EEOC Adopts Agressive Strategic Enforcement Plan


The U.S. Equal Employment Opportunity Commission recently issued its Strategic Enforcement Plan for 2013-2016. The EEOC is the federal agency responsible for enforcing federal laws prohibiting employment discrimination on the basis of race, color, religion, sex (including pregnancy), national origin, age, disability, or genetic information. As part of its new strategic plan, the EEOC adopted the following as national enforcement priorities:

1. Eliminating Barriers in Recruitment and Hiring. The EEOC will target class-based recruitment and hiring practices that discriminate against racial, ethnic and religious groups, older workers, women, and people with disabilities.

2. Protecting Immigrant, Migrant and Other Vulnerable Workers. The EEOC will target disparate pay, job segregation, harassment, trafficking and discriminatory policies affecting vulnerable workers who may be unaware of their rights under the equal employment laws, or reluctant or unable to exercise them.

3. Addressing Emerging and Developing Issues. The EEOC will target emerging issues in equal employment law, including issues associated with significant events, demographic changes, developing theories, new legislation, judicial decisions and administrative interpretations.

4. Enforcing Equal Pay Laws. The EEOC will target compensation systems and practices that discriminate based on gender.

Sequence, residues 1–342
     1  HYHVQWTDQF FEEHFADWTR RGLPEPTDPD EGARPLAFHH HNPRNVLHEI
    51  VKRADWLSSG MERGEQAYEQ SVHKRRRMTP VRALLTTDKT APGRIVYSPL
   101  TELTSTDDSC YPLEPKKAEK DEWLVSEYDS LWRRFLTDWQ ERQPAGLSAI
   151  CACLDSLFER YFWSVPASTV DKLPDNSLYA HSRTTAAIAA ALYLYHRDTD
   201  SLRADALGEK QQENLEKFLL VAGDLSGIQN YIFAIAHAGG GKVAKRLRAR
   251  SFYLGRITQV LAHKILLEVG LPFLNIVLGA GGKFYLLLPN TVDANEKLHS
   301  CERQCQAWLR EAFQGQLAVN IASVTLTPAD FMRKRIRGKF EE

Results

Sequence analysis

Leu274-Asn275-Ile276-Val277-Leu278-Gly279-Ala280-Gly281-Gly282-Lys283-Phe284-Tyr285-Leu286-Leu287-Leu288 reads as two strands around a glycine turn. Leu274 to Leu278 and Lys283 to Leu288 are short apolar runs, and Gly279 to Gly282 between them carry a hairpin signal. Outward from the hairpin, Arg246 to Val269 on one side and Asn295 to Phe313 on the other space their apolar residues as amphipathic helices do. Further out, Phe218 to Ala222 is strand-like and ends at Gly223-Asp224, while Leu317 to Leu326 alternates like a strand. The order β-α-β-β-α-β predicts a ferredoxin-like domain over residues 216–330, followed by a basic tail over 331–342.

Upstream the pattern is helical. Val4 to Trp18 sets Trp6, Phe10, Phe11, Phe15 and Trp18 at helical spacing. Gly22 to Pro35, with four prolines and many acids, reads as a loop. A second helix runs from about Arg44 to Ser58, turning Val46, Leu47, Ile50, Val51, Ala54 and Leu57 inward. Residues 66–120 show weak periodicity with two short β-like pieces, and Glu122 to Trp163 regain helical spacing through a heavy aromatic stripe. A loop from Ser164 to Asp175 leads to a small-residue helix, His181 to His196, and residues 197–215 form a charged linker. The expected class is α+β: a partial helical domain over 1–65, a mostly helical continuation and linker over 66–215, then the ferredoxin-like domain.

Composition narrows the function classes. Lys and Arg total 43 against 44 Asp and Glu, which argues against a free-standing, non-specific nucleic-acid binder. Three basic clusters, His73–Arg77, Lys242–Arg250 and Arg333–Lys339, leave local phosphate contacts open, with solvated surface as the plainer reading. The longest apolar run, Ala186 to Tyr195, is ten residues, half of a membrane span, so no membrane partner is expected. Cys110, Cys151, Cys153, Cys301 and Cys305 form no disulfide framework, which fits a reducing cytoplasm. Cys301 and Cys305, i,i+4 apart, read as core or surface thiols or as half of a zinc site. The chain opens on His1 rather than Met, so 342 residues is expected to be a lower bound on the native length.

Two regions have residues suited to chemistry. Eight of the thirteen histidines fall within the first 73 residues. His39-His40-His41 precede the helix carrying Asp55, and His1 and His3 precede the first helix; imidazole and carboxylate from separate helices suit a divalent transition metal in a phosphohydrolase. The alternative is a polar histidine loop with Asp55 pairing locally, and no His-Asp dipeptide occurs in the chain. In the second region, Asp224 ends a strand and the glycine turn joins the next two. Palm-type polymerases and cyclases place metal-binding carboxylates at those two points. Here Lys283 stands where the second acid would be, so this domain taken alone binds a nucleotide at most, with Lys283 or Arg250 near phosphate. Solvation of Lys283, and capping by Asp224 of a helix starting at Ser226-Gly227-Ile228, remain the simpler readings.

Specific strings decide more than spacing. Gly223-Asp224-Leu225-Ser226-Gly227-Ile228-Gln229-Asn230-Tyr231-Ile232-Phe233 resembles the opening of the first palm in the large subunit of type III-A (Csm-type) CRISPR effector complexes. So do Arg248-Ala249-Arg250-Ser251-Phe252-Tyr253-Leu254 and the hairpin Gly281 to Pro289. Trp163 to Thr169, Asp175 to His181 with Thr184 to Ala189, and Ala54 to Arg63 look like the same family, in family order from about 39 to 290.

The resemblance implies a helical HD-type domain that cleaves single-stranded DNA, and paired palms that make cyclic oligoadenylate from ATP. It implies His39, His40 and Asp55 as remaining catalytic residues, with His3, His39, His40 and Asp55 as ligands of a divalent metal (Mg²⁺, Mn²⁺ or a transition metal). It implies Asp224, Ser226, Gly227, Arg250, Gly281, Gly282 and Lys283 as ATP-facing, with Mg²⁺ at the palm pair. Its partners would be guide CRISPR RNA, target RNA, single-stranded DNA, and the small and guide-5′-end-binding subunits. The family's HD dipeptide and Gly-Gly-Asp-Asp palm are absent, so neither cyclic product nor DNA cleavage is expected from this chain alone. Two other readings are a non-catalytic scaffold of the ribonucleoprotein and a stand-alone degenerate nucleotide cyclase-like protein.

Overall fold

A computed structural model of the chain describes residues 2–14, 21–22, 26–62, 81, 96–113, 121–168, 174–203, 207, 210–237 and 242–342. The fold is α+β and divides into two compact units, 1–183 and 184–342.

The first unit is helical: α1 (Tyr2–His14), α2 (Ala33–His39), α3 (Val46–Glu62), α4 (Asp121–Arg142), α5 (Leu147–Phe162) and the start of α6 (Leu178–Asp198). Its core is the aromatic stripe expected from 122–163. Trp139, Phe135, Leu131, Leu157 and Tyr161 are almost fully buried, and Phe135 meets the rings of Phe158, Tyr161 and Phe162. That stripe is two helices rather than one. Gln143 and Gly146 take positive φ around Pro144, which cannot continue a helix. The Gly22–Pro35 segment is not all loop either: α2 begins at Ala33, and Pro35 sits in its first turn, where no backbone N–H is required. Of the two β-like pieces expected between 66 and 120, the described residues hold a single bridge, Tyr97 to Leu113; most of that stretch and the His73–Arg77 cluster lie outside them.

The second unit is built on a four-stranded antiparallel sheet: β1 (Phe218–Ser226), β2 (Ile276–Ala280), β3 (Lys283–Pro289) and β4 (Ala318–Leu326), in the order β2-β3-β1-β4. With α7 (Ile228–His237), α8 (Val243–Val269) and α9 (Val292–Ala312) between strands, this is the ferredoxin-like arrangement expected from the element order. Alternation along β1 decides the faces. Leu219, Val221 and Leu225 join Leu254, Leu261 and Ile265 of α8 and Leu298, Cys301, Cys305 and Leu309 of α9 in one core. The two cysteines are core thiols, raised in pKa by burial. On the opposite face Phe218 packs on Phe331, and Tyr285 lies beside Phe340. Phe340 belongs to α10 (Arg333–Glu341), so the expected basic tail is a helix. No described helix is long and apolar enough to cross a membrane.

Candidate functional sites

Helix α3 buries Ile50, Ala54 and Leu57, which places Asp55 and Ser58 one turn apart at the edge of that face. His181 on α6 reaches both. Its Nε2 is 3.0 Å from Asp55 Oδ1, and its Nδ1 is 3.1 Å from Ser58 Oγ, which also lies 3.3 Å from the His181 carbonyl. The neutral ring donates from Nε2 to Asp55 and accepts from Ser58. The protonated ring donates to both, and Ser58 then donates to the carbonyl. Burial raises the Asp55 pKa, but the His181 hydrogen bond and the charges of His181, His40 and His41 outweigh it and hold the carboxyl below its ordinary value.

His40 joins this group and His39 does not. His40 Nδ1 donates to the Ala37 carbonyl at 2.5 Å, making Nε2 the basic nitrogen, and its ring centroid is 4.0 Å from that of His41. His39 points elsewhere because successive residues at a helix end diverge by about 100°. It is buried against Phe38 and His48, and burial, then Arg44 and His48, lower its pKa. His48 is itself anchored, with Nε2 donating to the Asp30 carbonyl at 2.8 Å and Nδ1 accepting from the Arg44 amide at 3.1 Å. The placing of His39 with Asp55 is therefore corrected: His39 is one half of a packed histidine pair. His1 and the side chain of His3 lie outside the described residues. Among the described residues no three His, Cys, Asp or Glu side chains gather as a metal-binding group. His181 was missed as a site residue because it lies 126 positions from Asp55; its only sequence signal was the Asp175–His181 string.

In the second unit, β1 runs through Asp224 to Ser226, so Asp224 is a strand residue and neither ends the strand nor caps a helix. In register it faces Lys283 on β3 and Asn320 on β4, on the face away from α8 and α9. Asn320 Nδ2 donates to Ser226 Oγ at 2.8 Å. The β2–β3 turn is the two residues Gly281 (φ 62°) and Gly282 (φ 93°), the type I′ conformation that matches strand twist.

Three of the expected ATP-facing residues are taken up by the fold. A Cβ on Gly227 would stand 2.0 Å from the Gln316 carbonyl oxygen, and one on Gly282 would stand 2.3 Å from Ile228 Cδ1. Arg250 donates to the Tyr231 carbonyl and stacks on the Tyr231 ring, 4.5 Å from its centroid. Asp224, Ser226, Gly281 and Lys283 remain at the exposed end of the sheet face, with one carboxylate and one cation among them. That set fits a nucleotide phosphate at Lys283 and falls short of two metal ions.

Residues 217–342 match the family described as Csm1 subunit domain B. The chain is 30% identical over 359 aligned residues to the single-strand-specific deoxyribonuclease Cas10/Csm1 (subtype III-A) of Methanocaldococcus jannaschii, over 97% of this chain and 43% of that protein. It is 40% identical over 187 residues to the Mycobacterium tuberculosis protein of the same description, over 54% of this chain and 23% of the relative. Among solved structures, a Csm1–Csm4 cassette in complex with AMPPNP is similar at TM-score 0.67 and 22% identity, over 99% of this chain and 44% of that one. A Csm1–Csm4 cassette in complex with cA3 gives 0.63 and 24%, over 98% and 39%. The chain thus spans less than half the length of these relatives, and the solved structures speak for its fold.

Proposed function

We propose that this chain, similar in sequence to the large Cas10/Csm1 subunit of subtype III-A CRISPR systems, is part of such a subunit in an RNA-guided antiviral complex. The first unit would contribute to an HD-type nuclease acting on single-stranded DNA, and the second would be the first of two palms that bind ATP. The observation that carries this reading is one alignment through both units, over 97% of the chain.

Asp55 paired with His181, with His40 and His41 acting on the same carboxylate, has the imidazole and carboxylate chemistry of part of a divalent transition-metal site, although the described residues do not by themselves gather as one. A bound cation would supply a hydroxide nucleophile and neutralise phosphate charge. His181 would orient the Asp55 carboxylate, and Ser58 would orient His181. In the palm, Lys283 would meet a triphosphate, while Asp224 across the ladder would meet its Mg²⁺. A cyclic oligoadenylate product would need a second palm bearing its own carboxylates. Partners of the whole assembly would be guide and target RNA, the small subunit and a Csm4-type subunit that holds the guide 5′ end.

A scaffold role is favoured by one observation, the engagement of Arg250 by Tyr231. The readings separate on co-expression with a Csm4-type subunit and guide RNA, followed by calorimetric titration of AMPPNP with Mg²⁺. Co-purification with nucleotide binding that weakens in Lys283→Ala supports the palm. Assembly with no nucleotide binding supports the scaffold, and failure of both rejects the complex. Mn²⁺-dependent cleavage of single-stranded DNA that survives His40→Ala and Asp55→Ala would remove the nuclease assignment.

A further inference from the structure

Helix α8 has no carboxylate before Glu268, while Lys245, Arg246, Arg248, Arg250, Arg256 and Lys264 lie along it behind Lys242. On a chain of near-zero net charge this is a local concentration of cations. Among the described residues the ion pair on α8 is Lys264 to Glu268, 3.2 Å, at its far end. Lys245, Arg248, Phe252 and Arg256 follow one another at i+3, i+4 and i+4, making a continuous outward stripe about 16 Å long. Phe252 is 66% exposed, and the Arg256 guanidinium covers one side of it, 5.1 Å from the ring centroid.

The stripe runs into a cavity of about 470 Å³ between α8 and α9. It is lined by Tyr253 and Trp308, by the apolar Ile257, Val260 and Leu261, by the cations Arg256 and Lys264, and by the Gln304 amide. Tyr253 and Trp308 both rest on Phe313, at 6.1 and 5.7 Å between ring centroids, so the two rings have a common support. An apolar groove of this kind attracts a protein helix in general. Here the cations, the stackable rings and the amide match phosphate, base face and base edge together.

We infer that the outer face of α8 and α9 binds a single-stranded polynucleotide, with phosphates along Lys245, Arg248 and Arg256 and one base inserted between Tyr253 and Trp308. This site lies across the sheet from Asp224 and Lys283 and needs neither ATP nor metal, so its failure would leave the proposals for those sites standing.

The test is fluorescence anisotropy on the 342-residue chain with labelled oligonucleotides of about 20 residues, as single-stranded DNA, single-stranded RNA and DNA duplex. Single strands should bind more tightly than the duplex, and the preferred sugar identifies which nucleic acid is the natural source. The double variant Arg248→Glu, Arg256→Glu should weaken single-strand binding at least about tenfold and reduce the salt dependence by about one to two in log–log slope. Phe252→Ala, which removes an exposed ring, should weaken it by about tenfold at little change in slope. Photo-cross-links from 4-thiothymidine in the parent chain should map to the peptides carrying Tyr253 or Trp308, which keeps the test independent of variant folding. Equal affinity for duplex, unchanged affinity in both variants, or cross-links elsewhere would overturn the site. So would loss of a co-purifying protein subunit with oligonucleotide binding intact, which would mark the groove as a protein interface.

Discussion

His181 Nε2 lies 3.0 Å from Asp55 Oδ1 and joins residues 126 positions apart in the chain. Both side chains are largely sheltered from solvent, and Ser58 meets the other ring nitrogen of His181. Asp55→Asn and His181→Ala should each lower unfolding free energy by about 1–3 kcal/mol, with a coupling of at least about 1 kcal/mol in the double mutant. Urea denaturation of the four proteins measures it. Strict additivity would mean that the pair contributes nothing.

5. Preserving Access to the Legal System. The EEOC will target policies and practices that discourage or prohibit individuals from exercising their rights under employment discrimination statutes, or that impede the EEOC’s investigative or enforcement efforts.

6. Preventing Harassment Through Systemic Enforcement and Targeted Outreach. The EEOC will pursue systemic investigations and litigation and conduct a targeted outreach campaign to deter harassment in the workplace.

The EEOC’s plan is an important reminder to employers that it intends to be aggressive in enforcing the anti-discrimination laws under its power (Title VII of the Civil Rights Act of 1964, the Americans with Disabilities Act, the Age Discrimination in Employment Act, the Equal Pay Act, Pregnancy Discrimination Act, etc.). Employers should ensure that their policies, procedures, and employee handbooks are up to date and compliant with the various state and federal anti-discrimination laws. Also, on a regular basis, employers should make certain that their hiring, employment and termination practices are consistent with the EEOC’s interpretation and enforcement of anti-discrimination laws. Should you have questions or wish to discuss your company’s employment practices, please contact the members of Thompson Burton’s Litigation & Dispute Resolution team.